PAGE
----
Sweetwater County is confidently moving along, with diversification at the forefront of everything it does. Local plants continue to expand and update their facilities. Increased efforts in recruitment and job placement are helping to prepare for what happens when the workforce loses baby boomers to retirement. The county is intent on keeping the new talent produced by its education system or welcoming these professionals back after they have moved away to gain knowledge and new skills.
It is not just good paying jobs that keep residents in Sweetwater County, but also the natural beauty of its outdoors and recreational opportunities it offers. Sweetwater County is a young county where the average age is thirty-four, and organized events are everywhere, especially during the summer. Festivals, from the 69-year-old Flaming Gorge Days with its parade, games, and concerts, to International Days, the Mansface Mountain Music Festival, the county fair – called Wyoming’s Big Show – and multiple major prize fishing competitions are just a small sampling of things to do here. The county has invested millions into its events complex that rarely sees a day go by without playing host to local and national events. Activities from pro and amateur rodeos such as the National High Schools Finals Rodeo to stock car races, motocross races, car shows, concerts and horse racing make Sweetwater County literally eventful and mean there’s never a dull moment.
Other major draws to these vast open spaces include the Killpecker Sand Dunes, which offer over 11,000 acres of beautiful soft dunes to explore and ATV. Sights range from buttes and spires like the 400 foot tall Boar’s Tusk to the famous petroglyphs and rare desert elk. It is the gateway to Yellowstone National Park as well as the Flaming Gorge National Recreation Area. Historical Expedition Island, where Major John Wesley Powell started his famous journeys into the West, along the river system, is now a destination for tourists and families where they can take part in numerous water-based activities in the surrounding river system.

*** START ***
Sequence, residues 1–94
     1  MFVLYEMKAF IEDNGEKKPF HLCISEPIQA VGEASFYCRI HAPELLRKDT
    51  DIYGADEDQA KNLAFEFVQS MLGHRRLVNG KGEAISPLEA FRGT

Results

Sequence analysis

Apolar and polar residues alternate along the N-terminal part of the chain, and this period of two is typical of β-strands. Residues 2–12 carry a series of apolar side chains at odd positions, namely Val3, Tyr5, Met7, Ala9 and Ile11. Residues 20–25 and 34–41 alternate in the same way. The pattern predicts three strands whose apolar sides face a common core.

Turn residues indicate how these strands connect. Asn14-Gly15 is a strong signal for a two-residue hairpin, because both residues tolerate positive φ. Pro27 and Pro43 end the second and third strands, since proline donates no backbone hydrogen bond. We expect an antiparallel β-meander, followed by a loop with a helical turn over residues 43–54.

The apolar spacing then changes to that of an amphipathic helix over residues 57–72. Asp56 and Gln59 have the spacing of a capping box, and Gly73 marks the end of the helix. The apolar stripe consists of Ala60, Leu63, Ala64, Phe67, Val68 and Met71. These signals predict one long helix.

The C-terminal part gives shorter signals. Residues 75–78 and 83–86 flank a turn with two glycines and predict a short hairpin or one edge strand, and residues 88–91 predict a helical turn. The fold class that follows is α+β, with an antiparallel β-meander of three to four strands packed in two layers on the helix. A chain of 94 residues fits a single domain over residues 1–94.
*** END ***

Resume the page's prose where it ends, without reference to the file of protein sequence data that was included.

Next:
As Sweetwater County looks ahead, it aims, as always, to bring in more businesses, working with the various towns and cities to ensure each is growing. It has big plans for taking the lead on unique economic development as well as working on more infrastructure and quality of life projects. By bringing support to the local main streets and developing natural assets such as the riverfronts, which host many popular activities, the county plans to give the cities and towns of Sweetwater the means to provide for them years from now. As the county brings in new businesses that young people want to support, supports and retains current business, and recognizes that quality of life is a necessity that means many things, businesses and the people who live here have a bright future.
Between blue ribbon fishing, wild horse loop tours, the number one single trail bike track system in the state of Wyoming, and the benefit of sitting atop a plateau with ample view of mountains on nearly every side, it is no surprise that people want to be a part of Sweetwater County.